As far as I remember I have always enjoyed music, but I have never been big about following any particular musician or band. Growing up I enjoyed the music of Ricky Nelson, Elvis Presley, Pat Boone, Connie Francis, Buddy Holly, The Beach Boys, and many others.
I have never been big on spending a lot of time listening to music on the radio except when I was driving in the car, nor was I ever known to spend money buying records (I only remember buying one and that was because my sixth-grade teacher, Miss Chandler, wrote the song and had a local musician sing it. It was called ‘Candy Stripper’). During my growing up years most of my music appreciation came from friends who would talk about the current and popular singers and their songs.
When I was younger, I have a vivid memory of Mom listening to Tennessee Ernie Ford, and later in life I developed an ear for his music and learned to enjoy it, but when I was younger, I couldn’t have cared less. I also remember watching Lawrance Welk and Mitch Miller on television with my parents and sisters. I wasn’t a particularly good fan of these shows but over time I learned to enjoy the music (when I say over time, I mean in my 30s or 40s).
The Beatles appeared on the Ed Sulivan show when I was a sophomore in high school. I didn’t watch this famous introduction of the Beatles to America, but I remember that many of my school peers went crazy over these English guys. I had one friend, Joan, who I used to tease because she was almost fanatical when discussing them. I kept telling her that their long hair was a distraction and made them look like girls and she told me that she liked it and would argue that it would become the new trend in boys’ hair. I didn’t want to think about that, but she was right.
I never grew my hair long until the Covid epidemic happened and by then I was an old man of seventy-two. I studied the issue and discovered that barber shops were a dangerous place to get exposed to Covid, so I didn’t visit one for more than one year. My wife volunteered to cut it but being a barber’s son, I wouldn’t let her close to my hair with a pair of scissors. Obviously, my hair grew long as hard as it is to admit it, I must recognize that my long hair made me look very distinctive. My wife and one of my sisters really liked it.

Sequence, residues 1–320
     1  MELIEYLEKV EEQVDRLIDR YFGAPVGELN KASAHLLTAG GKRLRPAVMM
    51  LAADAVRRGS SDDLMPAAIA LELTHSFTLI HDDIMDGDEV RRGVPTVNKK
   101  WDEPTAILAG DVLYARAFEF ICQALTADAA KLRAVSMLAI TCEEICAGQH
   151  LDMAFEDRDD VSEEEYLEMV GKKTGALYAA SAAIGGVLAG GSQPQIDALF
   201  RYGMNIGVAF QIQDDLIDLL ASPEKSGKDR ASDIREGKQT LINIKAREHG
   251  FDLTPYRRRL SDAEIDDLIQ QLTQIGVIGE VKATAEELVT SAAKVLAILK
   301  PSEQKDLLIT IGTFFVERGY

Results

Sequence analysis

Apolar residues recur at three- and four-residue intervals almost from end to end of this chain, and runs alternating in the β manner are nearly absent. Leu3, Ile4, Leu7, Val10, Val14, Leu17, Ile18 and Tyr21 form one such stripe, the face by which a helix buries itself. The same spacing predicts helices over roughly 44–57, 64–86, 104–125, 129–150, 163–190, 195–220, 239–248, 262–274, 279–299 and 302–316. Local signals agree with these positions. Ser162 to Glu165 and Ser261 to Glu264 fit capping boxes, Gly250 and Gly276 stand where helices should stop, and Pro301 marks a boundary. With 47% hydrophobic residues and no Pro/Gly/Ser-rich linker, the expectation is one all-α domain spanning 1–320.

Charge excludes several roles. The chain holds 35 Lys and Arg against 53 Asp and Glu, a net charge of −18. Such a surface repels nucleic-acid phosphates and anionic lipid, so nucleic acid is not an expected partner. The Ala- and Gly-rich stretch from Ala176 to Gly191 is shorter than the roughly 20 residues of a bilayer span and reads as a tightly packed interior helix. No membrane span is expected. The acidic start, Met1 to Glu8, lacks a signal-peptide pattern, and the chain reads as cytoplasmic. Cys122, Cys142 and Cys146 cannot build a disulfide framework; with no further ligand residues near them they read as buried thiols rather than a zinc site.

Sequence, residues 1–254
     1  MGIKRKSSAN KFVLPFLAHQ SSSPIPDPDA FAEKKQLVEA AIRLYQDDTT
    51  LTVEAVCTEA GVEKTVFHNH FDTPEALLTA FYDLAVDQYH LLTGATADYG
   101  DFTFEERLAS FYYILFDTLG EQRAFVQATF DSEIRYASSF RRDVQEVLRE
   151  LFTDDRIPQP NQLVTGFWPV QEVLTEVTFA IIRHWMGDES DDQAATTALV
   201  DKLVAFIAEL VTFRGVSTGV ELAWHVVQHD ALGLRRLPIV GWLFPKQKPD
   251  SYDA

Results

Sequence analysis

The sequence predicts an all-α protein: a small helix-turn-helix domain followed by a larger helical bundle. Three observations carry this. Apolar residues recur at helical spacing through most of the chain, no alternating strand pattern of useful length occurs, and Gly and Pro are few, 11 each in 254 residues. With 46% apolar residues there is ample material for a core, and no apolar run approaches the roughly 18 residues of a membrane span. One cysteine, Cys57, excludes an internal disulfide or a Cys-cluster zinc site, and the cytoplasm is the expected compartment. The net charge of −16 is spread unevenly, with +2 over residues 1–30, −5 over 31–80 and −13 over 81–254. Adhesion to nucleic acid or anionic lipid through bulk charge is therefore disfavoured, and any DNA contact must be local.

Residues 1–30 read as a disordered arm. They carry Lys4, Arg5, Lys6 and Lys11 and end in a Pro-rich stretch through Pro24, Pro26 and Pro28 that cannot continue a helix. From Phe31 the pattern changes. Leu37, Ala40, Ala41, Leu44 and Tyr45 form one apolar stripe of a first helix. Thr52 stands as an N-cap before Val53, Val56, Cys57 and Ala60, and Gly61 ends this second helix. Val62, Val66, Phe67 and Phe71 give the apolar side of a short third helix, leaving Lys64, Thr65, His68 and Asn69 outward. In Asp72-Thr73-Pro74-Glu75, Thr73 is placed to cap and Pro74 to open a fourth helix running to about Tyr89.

The only band I ever remember paying money to see was the Beach Boys when they played a concert at BYU. The only reason I paid good money to see them was because my oldest son developed a liking for that group. To this day I don’t know why. I enjoyed the concert, but I think one of them was drunk on stage or at least he acted like it, but it didn’t ruin the performance, in fact it may have made it more interesting.
The only other time I ever paid to watch and listen to someone sing in person happened several years ago when I surprised Anne with tickets to hear Paul McCartney when he came to Salt Lake. She is a big Beatles fan and so I really wanted to do something nice for her. The thing is, I enjoyed the evening very much and walked out of the venue feeling good partly because Anne had such a wonderful time.
I guess what I’m trying to say with all this meandering through my music history is that I didn’t have and still don’t have a great desire to watch live performances of musicians. I can appreciate their talents and their music by listening to them on the radio or television.
I look at Taylor Swift and all the good she is doing with her music and then reality hits me when I think of the price someone must pay for one of her concerts. Now, I’m a fan of entrepreneurship and a singer or sports star should be able to earn and charge whatever the market will bear but that doesn’t mean I have to spend my money to watch them.
Perhaps this is a kickback to my younger days when many of my friends spent their money on concerts and I didn’t have any spare money to spend. As a result, I never prioritized concerts high enough on my to do list. Or perhaps I didn’t go to them because I was never into music deep enough to want to attend. I never developed a fascination with any of the music giants of my time to the point where I listened to the radio a lot or talked a lot about them. In fact, I remember when people would discuss some musical star, I had to pretend to know what they were talking about, but the reality was I didn’t know anything that they were discussing.
I do love good music but what I think is good others may disagree, but I think that is the way it should be. We are all individuals, and we all have different preferences which play into making us who we are. Life would certainly be boring if we all liked the same music or whatever else makes us different and yet whole.
What I have learned however is that whatever our children enjoy in music we should probably learn to understand it and not be too vocal in a negative way. Music changes from generation to generation and by learning to accept this fact we can bring more harmony into the family and probably develop some tolerance for all music.
Happy Failing Forward,
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